Dr GoogleWow, how many dog and cat foods are out there now!  Did you know, in our grocery stores, pet food is the number one grossing item?  It outsells the next 6 items combined!  In 2013, dog and cat owners in the United States, spent $21,000,000 dollars on food. Twenty one million dollars! Dog and cat food is BIG business. So it no wonder that the number of companies making pet food has exploded.  Some of these foods are good, some are heavily marketed with unsubstantiated claims.  Buyer beware.

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When you think about it, our bodies, and those of our pets, are incredible machines. For example, these machines fix themselves (most times) when things break, and we don't have to eat precise diets to stay alive (not like my car that only takes a very certain type of very expensive liquid and my mechanic loves that my car doesn't fix itself.)

It doesn't mean though that all that we eat is good for us in the long run, and eating a better quality of food is one way we can improve our health without having to go to the doctor. It's very much the same situation for our pets, yet some people are still unaware that the quality of the food we feed our cats and dogs is incredibly important. Better and more appropriate foods really do make a difference for our pets.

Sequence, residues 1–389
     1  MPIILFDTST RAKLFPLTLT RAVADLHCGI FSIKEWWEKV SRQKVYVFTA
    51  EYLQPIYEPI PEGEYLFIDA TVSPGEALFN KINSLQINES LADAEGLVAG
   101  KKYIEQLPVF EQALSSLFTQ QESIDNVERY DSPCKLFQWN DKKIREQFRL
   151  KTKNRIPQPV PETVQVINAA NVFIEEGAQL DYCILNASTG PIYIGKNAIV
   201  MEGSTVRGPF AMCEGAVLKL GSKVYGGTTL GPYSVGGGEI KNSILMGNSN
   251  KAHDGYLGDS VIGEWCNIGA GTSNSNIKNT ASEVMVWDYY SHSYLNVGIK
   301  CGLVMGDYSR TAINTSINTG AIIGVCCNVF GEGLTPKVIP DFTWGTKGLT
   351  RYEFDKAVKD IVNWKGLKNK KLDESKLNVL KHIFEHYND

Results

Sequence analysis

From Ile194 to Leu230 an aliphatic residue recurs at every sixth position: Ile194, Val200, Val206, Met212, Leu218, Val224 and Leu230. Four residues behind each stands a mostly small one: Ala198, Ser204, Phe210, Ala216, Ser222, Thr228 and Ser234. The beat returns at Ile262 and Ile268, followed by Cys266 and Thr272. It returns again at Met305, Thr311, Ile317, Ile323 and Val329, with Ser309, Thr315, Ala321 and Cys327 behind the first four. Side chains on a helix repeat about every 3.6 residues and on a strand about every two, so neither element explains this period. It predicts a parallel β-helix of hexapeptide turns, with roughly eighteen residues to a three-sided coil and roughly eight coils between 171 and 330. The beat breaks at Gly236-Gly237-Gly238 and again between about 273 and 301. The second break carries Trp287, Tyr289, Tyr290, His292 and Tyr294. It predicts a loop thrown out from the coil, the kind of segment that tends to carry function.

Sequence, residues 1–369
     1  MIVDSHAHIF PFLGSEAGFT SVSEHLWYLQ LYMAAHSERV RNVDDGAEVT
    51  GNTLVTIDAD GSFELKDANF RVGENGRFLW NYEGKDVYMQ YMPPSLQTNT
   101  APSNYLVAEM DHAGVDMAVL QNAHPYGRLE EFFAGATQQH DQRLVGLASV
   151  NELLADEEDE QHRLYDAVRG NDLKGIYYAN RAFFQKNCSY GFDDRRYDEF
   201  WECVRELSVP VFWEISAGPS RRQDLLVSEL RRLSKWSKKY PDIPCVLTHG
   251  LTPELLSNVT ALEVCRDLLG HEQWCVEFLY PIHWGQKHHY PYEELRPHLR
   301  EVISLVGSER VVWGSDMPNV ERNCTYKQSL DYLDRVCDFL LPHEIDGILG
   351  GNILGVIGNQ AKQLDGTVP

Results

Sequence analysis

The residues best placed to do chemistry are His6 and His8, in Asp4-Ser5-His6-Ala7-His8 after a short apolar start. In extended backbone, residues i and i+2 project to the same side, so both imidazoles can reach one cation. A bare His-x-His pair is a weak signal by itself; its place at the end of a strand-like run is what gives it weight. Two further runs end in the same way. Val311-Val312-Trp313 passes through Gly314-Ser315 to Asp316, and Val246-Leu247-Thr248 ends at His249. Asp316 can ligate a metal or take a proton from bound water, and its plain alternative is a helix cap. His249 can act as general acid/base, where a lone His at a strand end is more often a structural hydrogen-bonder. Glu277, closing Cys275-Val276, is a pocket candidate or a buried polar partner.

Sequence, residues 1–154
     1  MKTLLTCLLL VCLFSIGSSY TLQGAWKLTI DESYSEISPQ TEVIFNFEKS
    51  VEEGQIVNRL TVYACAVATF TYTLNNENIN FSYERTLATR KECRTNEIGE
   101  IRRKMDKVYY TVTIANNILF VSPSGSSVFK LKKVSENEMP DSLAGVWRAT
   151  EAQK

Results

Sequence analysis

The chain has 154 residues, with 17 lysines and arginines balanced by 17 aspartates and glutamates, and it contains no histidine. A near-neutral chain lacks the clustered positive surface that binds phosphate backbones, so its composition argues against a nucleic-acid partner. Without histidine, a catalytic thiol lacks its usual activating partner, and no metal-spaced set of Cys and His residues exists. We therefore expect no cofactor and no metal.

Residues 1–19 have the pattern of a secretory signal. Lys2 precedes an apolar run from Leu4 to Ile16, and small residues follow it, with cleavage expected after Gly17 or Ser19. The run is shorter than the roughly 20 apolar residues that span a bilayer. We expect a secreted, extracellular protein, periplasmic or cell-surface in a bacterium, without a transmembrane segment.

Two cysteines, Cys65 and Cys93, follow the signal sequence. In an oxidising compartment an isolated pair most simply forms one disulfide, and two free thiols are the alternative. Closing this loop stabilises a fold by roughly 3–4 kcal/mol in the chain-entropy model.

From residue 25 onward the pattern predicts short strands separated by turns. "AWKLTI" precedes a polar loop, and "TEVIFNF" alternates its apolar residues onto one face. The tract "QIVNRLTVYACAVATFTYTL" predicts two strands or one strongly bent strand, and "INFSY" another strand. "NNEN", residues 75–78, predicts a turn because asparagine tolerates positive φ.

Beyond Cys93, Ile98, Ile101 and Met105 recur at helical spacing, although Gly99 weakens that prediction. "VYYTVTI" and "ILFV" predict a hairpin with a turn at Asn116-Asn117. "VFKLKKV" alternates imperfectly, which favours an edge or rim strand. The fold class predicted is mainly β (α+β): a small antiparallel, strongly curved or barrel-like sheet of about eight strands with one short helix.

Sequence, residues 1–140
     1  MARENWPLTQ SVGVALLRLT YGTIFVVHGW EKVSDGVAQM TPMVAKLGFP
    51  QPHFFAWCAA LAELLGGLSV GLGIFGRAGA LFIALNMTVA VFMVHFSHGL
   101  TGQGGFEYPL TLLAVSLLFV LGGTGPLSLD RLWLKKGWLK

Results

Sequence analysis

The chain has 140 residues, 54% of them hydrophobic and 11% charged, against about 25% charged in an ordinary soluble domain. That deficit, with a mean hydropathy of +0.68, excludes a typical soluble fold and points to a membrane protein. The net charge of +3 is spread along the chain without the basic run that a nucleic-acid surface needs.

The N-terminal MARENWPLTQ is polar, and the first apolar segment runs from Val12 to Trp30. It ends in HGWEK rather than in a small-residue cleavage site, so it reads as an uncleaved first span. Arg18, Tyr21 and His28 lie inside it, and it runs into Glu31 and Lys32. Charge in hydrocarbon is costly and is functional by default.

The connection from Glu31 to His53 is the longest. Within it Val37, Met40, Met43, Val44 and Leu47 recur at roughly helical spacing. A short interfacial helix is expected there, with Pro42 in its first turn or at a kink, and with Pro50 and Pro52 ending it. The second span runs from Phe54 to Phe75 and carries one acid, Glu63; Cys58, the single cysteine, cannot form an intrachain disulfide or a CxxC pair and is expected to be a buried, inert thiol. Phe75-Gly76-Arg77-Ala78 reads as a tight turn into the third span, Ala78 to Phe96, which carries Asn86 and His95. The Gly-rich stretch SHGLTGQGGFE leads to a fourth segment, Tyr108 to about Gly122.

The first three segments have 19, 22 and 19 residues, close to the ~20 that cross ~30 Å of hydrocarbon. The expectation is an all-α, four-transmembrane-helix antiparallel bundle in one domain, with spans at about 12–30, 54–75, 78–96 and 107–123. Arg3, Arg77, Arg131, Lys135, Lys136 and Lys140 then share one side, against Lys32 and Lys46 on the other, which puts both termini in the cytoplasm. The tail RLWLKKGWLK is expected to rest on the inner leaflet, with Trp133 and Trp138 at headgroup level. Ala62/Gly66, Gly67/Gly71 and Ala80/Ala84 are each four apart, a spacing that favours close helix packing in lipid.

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As we get more news of winter storms causing havoc across the US (even in usually wonderfully warm Phoenix of all places!), we tackle the topic of winter dangers around this time of year. Not just the colder weather but also the holiday decorations, rich food, and overall busy-ness that can cause anxiety in our pets.

I would like to highlight some handy articles we have in The Water Bowl, the Embrace informational website on pet health and care:

Holiday Fare You Should NOT Feed Your Pet

Ten Doggy Exercise Tips for Avoiding the Winter Bulge

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Dr Riggs is sure to stir up some controversy with his post on pet food. All I say is educate yourself as best you can and make the decision you deem best for your pets.


It seems every day we hear about yet another recalled pet food. Why is this happening you ask? I really feel there are a number of reasons but here are the few that I think contribute the most.